When you have a medical intervention that doesn’t work you blame those who are smart enough not to get it and divert attention away from the fact your intervention is worthless. After all what do you have to lose as a member of Big Pharma… you are indemnified.

    Last…computer modeling reveals that giving the MMR actually increases the cases of measles over time…. but these are things “they” don’t want you to know.. by 2050 it is projected that there will be more measles cases even if everyone is vaccinated then there were pre-vaccination.

    I support your right to have your vaccination religion, but don’t make me take an intervention that is neither benign nor effective because “They say so!”

    The public has been sold a pile of goods that are rotten to the pharma. The public needs to know that the current media hysteria over measles is a controlled effort to divert attention away from CDC whistle blowers who have finally been given protection.

    The measles is about to hit the fan, but I will support your right to practice your religion, just don’t force it on others.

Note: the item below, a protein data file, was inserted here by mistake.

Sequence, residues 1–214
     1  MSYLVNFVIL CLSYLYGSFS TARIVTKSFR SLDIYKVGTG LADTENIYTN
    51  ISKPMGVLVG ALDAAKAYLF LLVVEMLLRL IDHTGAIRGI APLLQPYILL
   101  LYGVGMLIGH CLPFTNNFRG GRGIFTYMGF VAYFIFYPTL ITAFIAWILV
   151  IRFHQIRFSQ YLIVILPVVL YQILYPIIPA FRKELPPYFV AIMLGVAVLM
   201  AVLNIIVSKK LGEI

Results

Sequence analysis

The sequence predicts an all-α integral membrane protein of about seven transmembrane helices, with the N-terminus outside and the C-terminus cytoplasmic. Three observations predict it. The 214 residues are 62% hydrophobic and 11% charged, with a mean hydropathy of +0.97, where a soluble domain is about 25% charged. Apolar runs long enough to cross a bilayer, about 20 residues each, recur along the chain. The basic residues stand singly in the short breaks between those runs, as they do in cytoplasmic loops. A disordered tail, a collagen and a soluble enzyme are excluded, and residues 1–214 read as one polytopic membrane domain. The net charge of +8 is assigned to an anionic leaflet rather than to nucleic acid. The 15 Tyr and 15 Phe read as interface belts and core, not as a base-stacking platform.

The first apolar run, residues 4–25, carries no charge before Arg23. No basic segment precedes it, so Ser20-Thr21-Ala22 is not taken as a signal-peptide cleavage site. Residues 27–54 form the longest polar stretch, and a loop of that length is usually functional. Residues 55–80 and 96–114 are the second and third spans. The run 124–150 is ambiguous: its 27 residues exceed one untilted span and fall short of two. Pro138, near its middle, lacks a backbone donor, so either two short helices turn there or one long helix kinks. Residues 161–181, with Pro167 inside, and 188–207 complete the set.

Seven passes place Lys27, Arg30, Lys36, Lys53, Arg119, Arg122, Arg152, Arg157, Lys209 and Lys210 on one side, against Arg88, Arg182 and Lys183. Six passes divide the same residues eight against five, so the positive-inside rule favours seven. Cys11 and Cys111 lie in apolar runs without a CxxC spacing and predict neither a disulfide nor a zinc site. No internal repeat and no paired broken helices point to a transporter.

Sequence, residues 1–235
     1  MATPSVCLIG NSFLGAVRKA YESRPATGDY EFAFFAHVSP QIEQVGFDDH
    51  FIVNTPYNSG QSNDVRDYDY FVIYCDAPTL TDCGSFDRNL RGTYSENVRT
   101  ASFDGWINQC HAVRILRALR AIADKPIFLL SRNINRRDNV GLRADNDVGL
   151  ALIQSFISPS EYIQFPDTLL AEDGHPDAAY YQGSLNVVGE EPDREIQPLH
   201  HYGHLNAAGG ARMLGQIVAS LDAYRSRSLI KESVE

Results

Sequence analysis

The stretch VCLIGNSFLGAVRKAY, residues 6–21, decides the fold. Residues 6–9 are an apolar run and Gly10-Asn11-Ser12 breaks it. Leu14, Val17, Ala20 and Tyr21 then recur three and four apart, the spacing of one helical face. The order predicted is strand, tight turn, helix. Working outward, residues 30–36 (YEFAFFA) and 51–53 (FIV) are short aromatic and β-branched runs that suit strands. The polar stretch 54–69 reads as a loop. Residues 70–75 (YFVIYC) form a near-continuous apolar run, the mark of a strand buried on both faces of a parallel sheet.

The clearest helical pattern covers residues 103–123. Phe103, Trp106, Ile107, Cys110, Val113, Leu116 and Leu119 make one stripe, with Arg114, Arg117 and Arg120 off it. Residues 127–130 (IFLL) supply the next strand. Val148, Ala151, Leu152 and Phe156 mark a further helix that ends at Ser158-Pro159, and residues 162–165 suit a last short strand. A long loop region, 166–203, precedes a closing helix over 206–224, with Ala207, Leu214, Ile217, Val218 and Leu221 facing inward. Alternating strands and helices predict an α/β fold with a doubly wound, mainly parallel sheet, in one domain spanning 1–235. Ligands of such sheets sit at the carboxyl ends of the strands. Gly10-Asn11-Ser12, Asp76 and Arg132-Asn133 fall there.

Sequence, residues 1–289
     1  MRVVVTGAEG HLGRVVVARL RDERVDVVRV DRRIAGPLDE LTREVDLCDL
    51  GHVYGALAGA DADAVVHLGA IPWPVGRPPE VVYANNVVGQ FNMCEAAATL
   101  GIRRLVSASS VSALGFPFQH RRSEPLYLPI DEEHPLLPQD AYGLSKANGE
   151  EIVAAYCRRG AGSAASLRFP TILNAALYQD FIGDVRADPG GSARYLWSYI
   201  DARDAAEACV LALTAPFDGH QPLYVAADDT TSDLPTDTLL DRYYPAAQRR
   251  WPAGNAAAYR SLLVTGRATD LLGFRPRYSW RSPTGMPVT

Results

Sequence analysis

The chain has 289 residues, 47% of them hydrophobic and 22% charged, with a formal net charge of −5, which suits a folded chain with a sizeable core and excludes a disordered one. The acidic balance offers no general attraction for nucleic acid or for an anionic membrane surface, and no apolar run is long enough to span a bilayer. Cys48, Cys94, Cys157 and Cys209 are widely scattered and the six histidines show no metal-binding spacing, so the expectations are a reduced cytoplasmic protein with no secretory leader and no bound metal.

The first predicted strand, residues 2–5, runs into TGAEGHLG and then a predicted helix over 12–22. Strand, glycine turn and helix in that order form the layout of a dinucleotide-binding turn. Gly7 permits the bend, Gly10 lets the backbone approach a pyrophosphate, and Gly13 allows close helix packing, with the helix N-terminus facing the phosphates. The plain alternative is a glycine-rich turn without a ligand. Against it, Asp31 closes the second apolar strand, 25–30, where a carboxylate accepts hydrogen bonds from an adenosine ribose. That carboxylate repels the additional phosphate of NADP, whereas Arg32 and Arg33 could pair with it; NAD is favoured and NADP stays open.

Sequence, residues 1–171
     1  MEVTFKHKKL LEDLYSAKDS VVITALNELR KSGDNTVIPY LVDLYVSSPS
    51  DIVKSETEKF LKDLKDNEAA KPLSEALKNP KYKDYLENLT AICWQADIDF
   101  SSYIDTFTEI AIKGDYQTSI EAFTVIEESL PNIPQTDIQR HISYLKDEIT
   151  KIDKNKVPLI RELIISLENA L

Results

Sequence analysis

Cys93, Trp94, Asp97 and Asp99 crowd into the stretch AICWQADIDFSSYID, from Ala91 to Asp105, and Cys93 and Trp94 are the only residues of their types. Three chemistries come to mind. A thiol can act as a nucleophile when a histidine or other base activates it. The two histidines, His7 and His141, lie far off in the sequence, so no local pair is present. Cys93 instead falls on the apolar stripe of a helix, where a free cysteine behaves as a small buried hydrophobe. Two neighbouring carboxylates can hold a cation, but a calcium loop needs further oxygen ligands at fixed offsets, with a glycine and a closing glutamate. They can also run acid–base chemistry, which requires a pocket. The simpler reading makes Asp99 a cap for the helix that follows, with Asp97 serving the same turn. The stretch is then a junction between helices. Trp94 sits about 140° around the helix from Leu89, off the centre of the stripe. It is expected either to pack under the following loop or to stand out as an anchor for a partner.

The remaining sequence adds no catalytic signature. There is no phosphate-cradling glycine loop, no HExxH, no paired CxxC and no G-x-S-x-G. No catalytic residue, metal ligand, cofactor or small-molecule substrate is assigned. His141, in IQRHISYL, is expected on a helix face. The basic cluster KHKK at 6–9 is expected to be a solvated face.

• No.

      Vaccines are science. The anti-vaccination movement is a cult.

      Your posting of known conspiracy theory sites is a sure sign you are unable to discern reality from fantasy.

      It’s sad your license has not been revoked. I would think that the medical board would like to know that you are specifically violating the Hippocratic Oath by causing doubt about vaccines in the minds of mis-educated parents who are paranoid about an outcome that does not exist.

      Vaccinate your kids people. It is their best hope for a healthy life. Organic kale is nutritionally the same as other kale. Your immune system cannot fight measles or any of the other vaccine preventable diseases without help. You child can die from it.

      Just sad.

  2. Once again a shot at Reagan, this time “his disaster”. Mr. Corsini is now added to those who can’t help themselves. That statement has no context, is typically low information, along with a few other examples he sites, wanders all over the place continuity. Oh well. But I’m glad he and others are here to exercise their valuable free speech, and teach us how much more we must do to bring together diverse opinions while operating as a ten to help the country.